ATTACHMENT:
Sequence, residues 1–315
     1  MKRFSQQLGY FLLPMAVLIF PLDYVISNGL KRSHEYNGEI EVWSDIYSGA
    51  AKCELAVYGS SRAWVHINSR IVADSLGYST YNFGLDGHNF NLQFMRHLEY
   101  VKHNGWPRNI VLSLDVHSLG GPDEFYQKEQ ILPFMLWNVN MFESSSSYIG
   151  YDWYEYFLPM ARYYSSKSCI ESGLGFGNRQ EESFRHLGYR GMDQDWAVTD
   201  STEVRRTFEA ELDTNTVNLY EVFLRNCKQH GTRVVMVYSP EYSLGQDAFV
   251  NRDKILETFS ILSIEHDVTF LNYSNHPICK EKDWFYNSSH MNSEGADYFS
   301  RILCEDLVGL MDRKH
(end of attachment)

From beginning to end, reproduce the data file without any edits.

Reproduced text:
Sequence, residues 1–315
     1  MKRFSQQLGY FLLPMAVLIF PLDYVISNGL KRSHEYNGEI EVWSDIYSGA
    51  AKCELAVYGS SRAWVHINSR IVADSLGYST YNFGLDGHNF NLQFMRHLEY
   101  VKHNGWPRNI VLSLDVHSLG GPDEFYQKEQ ILPFMLWNVN MFESSSSYIG
   151  YDWYEYFLPM ARYYSSKSCI ESGLGFGNRQ EESFRHLGYR GMDQDWAVTD
   201  STEVRRTFEA ELDTNTVNLY EVFLRNCKQH GTRVVMVYSP EYSLGQDAFV
   251  NRDKILETFS ILSIEHDVTF LNYSNHPICK EKDWFYNSSH MNSEGADYFS
   301  RILCEDLVGL MDRKH